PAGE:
If you are looking to sell your current car at some point, you will not be able to sell it for the same price you bought it for, say three years ago.
The general explanation for this is that your car has decreased in value over the last three years, and as such, you will have to sell it at a lower price than you bought it. This difference between the price tag at which you bought it and its resale value is known as depreciation.
Different cars depreciate at different rates depending on several factors, and as such, you should know how slowly or fast your car depreciates and what you can do to manage this rate. This guide will help you understand how the depreciation rate varies with respect to various factors and how you can slow it down.
Factors that Influence Car Depreciation
To manage the depreciation of your car, you need to understand how the following factors affect this decrease in value.
1. Continuous increase in mileage
The more you use your car, the likelier it will break down and require repair or replacement of a component. Its wear and tear increases, along with a concurrent reduction in the car's value. In short, as the car's mileage increases, its value decreases.
2. Availability of newer models
As production companies strive to create the perfect car for the consumer, there will always be a newer car. After you buy a vehicle, more recent models will come out, and they will likely have more features than your current vehicle. Automatically, your car's value decreases as it will not have the same market pull as the new model.
3. The size of your car
A sedan will depreciate much slower in comparison to an SUV; bigger cars have more expensive parts and are costlier to purchase. Moreover, most of these vehicles are luxurious and easily traded off as soon as newer models appear.
4. Fuel economy
The amount of fuel consumed per mile also determines the rate at which the car will decrease in value. Generally, vehicles that consume less fuel per kilometre depreciate slower than those consuming higher amounts. Diesel cars, for instance, typically have more fuel-efficient engines than petrol vehicles. As a result, petrol engine cars will usually depreciate faster than their diesel counterparts.
5. The presence and length of a warranty
A car warranty provides cover for any potential issues resulting from defective workmanship by the manufacturer. Cars that have tagged warranties will have higher resale values in comparison to those that lack a warranty. The number of years remaining on the car warranty also determines the value of the car. More years left means a higher value for the car.
How to Slow Down Depreciation
The next step is to evaluate how best you can manage your car to reduce the rate at which its value decreases. Here are some of the recommendations that you should take up.
1. Perform immediate repairs and frequent car maintenance
Any car that is in use is susceptible to minor and major damages. In the case that such damages occur, you should ensure that they are addressed immediately. Damages make the car deteriorate fast, so when repairs are carried out promptly, the car's quality is retained. Cars also need to be regularly taken for maintenance, as it may help uncover underlying issues that ultimately affect the car's value.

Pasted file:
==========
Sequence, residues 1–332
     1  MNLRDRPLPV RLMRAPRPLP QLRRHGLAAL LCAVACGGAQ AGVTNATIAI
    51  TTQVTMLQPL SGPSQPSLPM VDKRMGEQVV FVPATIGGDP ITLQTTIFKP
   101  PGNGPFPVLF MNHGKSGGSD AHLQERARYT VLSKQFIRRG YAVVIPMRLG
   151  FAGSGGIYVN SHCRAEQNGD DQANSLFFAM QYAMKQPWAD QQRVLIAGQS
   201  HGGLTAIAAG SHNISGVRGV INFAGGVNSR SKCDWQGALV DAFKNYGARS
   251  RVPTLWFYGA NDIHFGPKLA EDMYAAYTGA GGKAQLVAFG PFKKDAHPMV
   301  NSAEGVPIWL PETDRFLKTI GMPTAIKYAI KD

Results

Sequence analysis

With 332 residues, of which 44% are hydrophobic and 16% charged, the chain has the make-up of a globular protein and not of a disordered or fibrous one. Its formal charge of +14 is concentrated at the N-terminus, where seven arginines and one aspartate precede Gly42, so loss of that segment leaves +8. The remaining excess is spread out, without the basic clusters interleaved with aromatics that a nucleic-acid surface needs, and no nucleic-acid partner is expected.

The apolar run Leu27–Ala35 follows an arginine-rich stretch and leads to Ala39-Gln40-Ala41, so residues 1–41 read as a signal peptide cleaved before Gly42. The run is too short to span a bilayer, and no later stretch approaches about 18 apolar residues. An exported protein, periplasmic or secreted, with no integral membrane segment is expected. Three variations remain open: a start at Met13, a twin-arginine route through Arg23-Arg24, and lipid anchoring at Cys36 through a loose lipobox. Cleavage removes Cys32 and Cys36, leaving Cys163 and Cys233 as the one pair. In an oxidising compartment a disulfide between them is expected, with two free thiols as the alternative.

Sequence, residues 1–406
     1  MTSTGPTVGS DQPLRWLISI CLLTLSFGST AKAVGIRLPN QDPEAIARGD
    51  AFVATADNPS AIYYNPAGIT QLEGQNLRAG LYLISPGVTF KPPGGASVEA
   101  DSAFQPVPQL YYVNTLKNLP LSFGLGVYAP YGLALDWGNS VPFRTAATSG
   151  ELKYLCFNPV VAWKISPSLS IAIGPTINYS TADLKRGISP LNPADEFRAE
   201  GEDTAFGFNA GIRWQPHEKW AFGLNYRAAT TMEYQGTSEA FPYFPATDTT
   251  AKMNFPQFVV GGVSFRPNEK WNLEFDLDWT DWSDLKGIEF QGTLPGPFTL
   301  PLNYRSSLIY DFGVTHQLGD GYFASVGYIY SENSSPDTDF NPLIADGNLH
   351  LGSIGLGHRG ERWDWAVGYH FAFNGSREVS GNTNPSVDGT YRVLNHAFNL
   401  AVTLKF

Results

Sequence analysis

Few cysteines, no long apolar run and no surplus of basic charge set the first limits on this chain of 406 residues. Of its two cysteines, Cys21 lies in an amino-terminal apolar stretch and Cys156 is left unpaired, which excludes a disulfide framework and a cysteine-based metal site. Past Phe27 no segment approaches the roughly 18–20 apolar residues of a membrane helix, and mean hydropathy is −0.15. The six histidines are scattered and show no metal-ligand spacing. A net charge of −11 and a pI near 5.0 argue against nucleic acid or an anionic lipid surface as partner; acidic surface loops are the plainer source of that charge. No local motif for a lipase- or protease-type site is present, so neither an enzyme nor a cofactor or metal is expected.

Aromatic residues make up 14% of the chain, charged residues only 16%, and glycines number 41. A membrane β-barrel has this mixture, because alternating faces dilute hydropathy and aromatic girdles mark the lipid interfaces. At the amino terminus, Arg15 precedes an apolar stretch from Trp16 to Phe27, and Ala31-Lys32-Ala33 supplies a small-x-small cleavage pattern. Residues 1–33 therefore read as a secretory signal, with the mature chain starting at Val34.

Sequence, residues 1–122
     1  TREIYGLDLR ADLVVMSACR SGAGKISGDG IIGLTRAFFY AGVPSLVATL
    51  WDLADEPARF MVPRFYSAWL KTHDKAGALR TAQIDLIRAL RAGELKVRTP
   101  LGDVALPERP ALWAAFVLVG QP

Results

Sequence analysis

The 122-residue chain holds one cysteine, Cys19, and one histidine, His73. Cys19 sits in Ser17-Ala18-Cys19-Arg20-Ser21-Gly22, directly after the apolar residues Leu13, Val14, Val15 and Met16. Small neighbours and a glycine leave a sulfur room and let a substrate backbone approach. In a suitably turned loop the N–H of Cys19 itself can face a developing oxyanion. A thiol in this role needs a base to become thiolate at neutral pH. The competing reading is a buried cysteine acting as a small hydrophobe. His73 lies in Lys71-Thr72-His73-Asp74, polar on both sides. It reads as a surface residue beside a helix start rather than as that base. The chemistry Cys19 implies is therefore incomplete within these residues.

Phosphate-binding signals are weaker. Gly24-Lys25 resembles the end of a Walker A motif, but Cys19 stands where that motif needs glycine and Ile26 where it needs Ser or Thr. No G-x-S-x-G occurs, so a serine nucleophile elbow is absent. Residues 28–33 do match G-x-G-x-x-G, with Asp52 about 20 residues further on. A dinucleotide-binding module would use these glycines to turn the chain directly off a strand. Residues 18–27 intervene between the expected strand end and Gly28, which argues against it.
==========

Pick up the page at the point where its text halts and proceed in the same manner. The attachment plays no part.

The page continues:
2. Use good quality fuel
High-quality fuel from certified fuel stations is essential in ensuring that you effectively maintain your car engine. Do not be tempted by the lower quality fuel that is inadequately refined since while it may be cheaper, it will eventually lead to high maintenance expenses, at which point your car will depreciate speedily.
3. Do not over-customise your car
Every car owner wants a personal touch on their car, and it can never be too bad. However, when the customisation is overdone, the car becomes too personalised that it turns off potential buyers. This effectively narrows down the demand for the car and lowers its market value. Therefore, it would be more advantageous to you if you customised with items that could easily be reverted to the car's original condition.
4. Always purchase a warranty-covered car
A warranty protects a vehicle from any future defects that may be due to the manufacturer's work. It creates a protective shield for the car's value and thus lowers depreciation. Therefore, a car covered by a warranty is valued much higher than one that is not.
5. Purchase a reputable brand or model
Industry-conducted customer surveys have determined that some models or brands are considered more reliable than others. It is not only just a matter of opinion but rather a question of what serves the customers best. The dependability of a specific model or brand, as viewed by car owners, holds the car's value significantly high, thus, lowers depreciation.
6. Keep your mileage in check
Mileage is a crucial determinant in a car’s rate of depreciation. When performing car valuation, institutions such as insurance providers always keep an eye on the mileage. To manage your car's value, keep its mileage low.
Car depreciation is unavoidable; it’s as certain as death and taxes. The key is managing depreciation. For more useful advice related to cars and car ownership, you may visit Carpart.com.au’s blog. Also, to search for car parts more efficiently, please don’t hesitate to use our free tool for locating new and used auto parts online. Try requesting for an auto part today and start receiving quotes!